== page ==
Remote smartphone app-controlled device could replace insulin injections

Jack Woodfield
Thu, 27 Apr 2017
Remote smartphone app-controlled device could replace insulin injections
A new device which has been developed could eventually be used to replace insulin injections for people with diabetes, researchers have said.

Scientists from East China Normal University in Shanghai, China used mice to test insulin-producing cells placed within a capsule, implanted under the skin which were controlled remotely.

The cells work with LED lights, which have been designed to respond to infrared light that release insulin when blood sugar levels get too high.

The light intensity is controlled using a specially designed smartphone app which communicates via a server that switches on an electromagnetic field coil surrounding the mice.

Through testing the technology, the research team managed to stabilize the diabetic mice's blood sugar levels after they were exposed to the lights for about an hour a day across two weeks.

Although the study has shown positive results, the researchers say more work needs to be done before the HydrogeLED device would be suitable for human use. This is because it only works when the mice are within the electromagnetic field, so the device would not work when people left their homes stepping outside of the field.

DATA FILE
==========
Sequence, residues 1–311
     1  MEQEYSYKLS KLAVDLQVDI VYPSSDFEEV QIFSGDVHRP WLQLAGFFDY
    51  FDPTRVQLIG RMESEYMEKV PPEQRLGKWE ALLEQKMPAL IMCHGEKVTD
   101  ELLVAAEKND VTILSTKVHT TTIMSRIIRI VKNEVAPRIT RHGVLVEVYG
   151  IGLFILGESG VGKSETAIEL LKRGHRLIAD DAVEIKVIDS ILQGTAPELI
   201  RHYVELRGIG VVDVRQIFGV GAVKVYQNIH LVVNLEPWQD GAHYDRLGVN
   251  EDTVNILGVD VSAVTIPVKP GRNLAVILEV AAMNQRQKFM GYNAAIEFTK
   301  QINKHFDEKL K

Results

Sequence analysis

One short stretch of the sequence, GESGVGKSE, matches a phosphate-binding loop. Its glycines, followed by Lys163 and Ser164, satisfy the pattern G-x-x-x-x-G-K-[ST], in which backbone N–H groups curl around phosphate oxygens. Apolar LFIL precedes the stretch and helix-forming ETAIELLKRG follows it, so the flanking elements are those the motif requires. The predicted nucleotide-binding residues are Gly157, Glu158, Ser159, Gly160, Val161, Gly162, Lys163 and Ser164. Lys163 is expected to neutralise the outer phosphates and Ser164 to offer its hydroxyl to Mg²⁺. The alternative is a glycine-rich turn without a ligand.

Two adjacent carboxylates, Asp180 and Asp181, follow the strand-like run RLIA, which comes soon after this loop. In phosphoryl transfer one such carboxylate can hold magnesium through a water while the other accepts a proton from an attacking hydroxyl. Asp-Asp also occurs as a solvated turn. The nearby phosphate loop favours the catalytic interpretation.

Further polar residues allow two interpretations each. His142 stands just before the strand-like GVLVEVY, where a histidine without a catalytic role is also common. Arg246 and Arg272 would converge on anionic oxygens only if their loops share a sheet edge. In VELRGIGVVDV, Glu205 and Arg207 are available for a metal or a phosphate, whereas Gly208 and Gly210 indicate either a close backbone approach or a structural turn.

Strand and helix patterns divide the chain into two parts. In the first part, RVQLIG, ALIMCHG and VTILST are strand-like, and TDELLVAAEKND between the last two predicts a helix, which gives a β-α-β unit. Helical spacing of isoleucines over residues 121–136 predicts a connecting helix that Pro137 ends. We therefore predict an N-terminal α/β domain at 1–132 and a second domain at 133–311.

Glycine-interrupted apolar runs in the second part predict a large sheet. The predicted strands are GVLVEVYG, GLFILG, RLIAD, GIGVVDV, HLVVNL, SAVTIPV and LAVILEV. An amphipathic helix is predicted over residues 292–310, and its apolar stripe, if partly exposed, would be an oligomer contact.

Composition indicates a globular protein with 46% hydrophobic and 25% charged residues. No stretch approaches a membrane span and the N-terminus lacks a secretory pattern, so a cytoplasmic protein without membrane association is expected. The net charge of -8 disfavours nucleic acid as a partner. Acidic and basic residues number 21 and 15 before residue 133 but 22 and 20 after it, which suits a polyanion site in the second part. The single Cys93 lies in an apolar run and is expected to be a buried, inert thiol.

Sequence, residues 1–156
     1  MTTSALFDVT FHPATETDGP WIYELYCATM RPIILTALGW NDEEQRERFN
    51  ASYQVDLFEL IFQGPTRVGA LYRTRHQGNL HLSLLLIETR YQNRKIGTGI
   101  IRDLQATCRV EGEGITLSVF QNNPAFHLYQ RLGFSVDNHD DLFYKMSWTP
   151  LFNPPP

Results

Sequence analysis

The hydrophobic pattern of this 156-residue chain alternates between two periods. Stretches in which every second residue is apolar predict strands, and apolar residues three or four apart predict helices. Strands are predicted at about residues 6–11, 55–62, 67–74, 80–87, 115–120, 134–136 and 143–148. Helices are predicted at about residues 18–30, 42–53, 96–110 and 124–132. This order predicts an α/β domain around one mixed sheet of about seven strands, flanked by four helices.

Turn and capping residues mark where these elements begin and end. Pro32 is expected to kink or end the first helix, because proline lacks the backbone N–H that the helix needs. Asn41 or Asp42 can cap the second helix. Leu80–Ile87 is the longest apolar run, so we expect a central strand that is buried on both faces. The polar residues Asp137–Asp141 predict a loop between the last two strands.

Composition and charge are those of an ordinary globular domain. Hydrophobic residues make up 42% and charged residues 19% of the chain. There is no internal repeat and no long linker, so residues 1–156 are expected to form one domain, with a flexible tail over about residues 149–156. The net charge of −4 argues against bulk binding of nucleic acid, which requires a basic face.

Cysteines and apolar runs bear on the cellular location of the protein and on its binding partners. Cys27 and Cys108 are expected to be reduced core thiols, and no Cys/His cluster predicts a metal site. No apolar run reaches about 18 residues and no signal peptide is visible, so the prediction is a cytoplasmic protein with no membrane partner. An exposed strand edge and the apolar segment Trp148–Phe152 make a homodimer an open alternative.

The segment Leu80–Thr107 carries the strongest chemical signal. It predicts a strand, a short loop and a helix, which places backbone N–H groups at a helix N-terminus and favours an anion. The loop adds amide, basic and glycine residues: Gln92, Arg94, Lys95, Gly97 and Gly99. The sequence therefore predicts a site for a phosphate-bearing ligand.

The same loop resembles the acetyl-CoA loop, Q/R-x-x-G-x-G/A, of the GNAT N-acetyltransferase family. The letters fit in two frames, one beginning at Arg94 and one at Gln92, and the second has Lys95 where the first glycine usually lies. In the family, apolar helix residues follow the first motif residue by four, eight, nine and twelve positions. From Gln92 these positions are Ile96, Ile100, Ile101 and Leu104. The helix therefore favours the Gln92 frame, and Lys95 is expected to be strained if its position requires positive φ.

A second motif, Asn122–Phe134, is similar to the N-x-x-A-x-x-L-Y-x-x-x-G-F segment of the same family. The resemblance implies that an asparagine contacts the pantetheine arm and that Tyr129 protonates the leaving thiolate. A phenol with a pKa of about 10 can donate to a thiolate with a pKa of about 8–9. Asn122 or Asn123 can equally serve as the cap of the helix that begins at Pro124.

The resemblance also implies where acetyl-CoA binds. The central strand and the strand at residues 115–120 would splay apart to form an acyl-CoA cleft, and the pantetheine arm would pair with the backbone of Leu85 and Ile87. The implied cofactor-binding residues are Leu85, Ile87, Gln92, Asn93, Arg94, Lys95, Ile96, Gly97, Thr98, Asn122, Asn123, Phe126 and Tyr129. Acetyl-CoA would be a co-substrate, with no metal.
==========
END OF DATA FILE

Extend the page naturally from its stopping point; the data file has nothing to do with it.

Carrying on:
The researchers said they were inspired by the "smart home" concept, where lighting, electronic devices and heating can all be controlled remotely and wanted to find a similar model to help people control their diabetes more easily.

They said the findings could "pave the way for a new era of personalized, digitalized, and globalized precision medicine. By combining electronic device–generated digital signals with optogenetically engineered cells, this study provides a step toward translating cell-based therapies into the clinic."

Senior author Haifeng Ye says his goal is a "fully automatic blood glucose monitor and diabetes therapy system" that could continuously monitor diabetes all day long and share the data using smartphones.

The findings have been published in the Science Translational Medicine journal.
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